summing over all undetermined labels. It is worth noting that we
need to perform the LBP process twice in each iteration, one time
for estimating the marginal distribution of unknown variables yi =
?, and the other time for marginal distribution over all variables.
Finally with the gradient, we update each parameter with a learning
rate η. The learning algorithm is summarized in Algorithm 1. After
learning the optimal parameters θ, we need to apply the inference
algorithm again to compute the marginal probability to infer the
unknown labels by finding a label configuration which maximizes
the probability P (Y |X). Finally, each node in the factor graph is
assigned with label that maximizes the marginal probability.
Algorithm 1: Learning algorithm on the factor graph
Input: a factor graph G, and the learning rate η.
Output: Estimated parameters θ = {α, β}.
Initialize all elements in θ ← 1
Compute potential function values S according to
Equations (1)-(9)
Run inference method using current θ to get Pθ (Y |X)
for {α, β} ∈ θ do
Compute gradient of ∂O(θ)
using S according to
Equation (13).
Y ∗ = argmax Y |Y L P (Y |X)
Distributed Learning
As a social network may contain millions of users and hundreds
of millions of posting documents generated by users, it is beneficial to learn the factor graph from the full social network data using
multiple machines rather than a single one. To address this challenge, we deploy the learning task on a distributed system under
the map-reduce programming model [6]. Within every individual framework, our target is to smooth the document d0 based on
the subset of influential variables (e.g., group of variables as Yi ),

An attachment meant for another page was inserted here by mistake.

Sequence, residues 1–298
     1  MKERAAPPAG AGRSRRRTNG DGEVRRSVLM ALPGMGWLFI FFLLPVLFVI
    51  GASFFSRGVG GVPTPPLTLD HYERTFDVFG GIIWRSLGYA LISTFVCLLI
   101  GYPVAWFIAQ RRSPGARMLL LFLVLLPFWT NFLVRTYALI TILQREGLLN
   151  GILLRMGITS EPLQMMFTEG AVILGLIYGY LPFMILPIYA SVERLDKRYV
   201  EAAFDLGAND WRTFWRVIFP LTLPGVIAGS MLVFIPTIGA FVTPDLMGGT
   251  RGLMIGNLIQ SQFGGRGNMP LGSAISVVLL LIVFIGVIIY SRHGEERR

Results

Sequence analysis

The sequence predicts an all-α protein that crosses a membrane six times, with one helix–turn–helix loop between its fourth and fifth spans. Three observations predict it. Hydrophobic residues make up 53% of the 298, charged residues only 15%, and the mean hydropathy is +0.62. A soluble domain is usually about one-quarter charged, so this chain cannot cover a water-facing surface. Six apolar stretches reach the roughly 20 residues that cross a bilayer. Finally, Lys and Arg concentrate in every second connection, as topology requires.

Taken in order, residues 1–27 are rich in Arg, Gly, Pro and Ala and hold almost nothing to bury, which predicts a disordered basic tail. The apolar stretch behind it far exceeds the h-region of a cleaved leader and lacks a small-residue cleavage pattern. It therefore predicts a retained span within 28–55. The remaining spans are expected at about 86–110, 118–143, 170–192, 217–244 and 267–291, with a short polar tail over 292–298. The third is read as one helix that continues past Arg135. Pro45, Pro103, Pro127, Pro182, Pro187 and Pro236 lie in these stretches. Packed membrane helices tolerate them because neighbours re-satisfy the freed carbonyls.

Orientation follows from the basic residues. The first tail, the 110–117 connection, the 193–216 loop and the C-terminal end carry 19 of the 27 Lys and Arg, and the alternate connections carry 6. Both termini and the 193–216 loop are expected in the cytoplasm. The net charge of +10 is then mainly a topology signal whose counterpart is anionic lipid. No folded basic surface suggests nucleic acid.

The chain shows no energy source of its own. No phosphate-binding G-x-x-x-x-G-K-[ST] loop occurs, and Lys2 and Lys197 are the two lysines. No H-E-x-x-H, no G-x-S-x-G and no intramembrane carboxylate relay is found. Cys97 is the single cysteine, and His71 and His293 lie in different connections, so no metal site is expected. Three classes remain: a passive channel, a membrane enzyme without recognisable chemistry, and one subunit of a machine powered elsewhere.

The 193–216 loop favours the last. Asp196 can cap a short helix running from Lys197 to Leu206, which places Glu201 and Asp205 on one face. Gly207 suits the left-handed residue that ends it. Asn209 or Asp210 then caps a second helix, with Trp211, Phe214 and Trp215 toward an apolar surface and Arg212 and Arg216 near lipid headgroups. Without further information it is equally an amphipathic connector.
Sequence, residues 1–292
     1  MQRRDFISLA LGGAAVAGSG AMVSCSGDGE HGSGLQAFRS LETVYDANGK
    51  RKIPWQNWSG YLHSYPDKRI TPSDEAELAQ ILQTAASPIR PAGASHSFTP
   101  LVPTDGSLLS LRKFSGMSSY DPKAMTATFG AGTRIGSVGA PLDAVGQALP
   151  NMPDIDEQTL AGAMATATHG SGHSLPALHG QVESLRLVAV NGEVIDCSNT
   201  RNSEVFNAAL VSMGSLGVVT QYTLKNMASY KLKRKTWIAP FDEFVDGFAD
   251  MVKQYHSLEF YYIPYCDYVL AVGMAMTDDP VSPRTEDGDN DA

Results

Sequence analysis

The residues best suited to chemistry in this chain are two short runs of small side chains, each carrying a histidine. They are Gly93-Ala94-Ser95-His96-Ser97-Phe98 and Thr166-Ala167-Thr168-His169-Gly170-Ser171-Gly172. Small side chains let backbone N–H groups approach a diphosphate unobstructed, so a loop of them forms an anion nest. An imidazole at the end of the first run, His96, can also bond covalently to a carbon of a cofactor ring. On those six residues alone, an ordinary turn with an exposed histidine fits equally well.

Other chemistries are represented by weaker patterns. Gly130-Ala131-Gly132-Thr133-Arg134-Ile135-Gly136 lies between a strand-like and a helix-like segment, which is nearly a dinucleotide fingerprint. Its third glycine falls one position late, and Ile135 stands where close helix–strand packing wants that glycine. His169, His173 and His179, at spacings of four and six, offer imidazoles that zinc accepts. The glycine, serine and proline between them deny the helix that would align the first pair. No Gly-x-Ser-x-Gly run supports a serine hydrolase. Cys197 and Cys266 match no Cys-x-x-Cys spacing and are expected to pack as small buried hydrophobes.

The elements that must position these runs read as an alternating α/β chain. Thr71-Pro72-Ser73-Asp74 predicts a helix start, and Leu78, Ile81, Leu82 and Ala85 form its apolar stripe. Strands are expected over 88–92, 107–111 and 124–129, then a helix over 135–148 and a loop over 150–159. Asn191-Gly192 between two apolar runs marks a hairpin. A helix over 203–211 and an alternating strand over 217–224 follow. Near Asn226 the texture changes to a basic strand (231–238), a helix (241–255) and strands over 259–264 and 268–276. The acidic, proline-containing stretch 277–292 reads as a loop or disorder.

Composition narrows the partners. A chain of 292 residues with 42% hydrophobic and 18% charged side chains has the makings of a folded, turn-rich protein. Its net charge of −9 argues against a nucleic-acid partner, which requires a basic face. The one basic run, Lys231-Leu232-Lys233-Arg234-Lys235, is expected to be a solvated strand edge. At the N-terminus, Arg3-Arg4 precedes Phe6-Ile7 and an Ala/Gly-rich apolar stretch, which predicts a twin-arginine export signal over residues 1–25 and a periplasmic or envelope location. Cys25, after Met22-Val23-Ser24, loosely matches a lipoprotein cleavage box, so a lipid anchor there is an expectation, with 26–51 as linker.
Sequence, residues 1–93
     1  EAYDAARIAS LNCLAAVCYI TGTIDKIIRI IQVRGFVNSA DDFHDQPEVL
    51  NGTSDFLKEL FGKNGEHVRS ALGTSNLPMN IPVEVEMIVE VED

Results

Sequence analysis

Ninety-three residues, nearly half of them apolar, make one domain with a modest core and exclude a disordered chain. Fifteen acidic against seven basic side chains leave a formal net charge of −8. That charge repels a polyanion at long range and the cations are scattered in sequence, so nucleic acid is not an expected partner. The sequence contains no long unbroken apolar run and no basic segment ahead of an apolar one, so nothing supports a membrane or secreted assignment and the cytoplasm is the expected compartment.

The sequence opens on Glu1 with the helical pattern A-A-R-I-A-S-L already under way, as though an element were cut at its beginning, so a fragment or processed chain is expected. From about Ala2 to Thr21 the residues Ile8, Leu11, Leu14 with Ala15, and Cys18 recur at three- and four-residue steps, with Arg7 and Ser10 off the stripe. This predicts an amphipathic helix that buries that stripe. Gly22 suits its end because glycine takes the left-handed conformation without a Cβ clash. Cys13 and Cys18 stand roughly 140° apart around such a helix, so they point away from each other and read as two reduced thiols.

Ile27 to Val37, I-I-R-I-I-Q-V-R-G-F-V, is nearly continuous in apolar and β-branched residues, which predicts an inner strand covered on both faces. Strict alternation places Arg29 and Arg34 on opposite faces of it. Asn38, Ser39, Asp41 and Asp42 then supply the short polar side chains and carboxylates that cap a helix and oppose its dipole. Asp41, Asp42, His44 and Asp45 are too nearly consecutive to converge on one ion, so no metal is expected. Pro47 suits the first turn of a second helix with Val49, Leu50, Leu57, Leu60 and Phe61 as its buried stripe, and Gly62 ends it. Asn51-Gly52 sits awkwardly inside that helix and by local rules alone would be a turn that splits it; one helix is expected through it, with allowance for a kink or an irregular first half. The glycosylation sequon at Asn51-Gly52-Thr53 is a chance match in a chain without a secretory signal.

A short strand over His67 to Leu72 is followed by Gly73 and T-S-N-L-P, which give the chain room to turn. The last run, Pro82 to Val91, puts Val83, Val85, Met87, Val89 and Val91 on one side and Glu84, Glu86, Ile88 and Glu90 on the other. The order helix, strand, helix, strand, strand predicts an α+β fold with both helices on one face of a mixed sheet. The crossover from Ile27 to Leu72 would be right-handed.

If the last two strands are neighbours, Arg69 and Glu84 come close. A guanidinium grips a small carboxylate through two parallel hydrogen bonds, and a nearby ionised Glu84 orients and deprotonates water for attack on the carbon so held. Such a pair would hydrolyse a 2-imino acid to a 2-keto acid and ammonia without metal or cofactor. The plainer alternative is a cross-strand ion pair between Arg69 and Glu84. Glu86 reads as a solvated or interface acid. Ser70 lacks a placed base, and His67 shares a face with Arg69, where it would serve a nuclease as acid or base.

which makes the graph easy to divide: it is natural to extend the
individual-centric method to a distributed environment.
Map-Reduce is a programming model for distributed processing
of large data sets. In the map stage, each machine (called a process
= EPθ (Y |Y L ) S − EPθ (Y ) S
Update parameter θ with the learning rate η:
θ =θ+η·
3.3 Model Inference
θ∗ = argmax θ O(θ)
until Convergence;
Based on Equations (5), the probability distribution P (Y |X) can
be written in a more brief format as follows:
P (Y |X) = exp{θ
s(yi )} = exp{θ · S}
fluential posting document, we would like to assume that the highly
influenced document will also have the words occurred, with a discounted count. The larger the influence estimated, the larger the
propagated term counts there will be. Note that each propagated
count has a value less than 1.
Let d0 = {w1 , w2 , . . . , w|d0 | } where |d0 | is the length of the
document. We use c(w, d0 ) to denote the original term count within document d before smoothing. If w does not occur in d0 , c(w, d0 )
will be 0, which is a zero count problem. We have calculated the
values of Y ={yi }n
i=1 from the last section, indicating the influence
from the di to the document d0 to smooth. The function actually
serves as a discounting factor for terms measured in pairwise. We
use c′ (w, d0 ) to denote the total propagated count of term w from
its occurrences in all other documents, i.e.,
c′ (w, d0 ) = (1 − λ)c(w, d0 ) + λ
yi · c(w, di )
yi ∈Y
Figure 2: Distributed experimental environment setups. The
whole graph is distributed to several computing nodes and the
shaded nodes indicate inactive document pairs on that node.
Even if c(w, d0 ) is 0, c (w, d0 ) may be greater than 0.
Based on term propagation, we have a term frequency vector
{c′ (w1 , d0 ), . . . , c′ (wv , d0 )} for the virtual document d+
0 extended from document d0 . We can see that term information with calculated influence has been stored in this vector. Thus the language
model of this new smoothed virtual document can be estimated as
node) receives a subset of data as input and produces a set of intermediate values. In the reduce stage, each process node merges all
intermediate values associated with the same target documents and
outputs the final computation results. Users specify a map function
that generates a set of intermediate values, and a reduce function
that merges all intermediate values.
In the process of distributed learning, the whole graph is first divided into several subgraphs that are assigned to slave nodes. Then
LBP is performed on each slave to compute the marginal probabilities and the parameter gradient. There is a master node collects and
sums up all gradients from subgraphs, and updates parameters by
gradient descent method. For details, please refer to [29, 28].
c′ (w, d+
0 )
′ (w ′ , d+ )
w ∈V
where V is the vocabulary set and w′ ∈V c′ (w′ , d+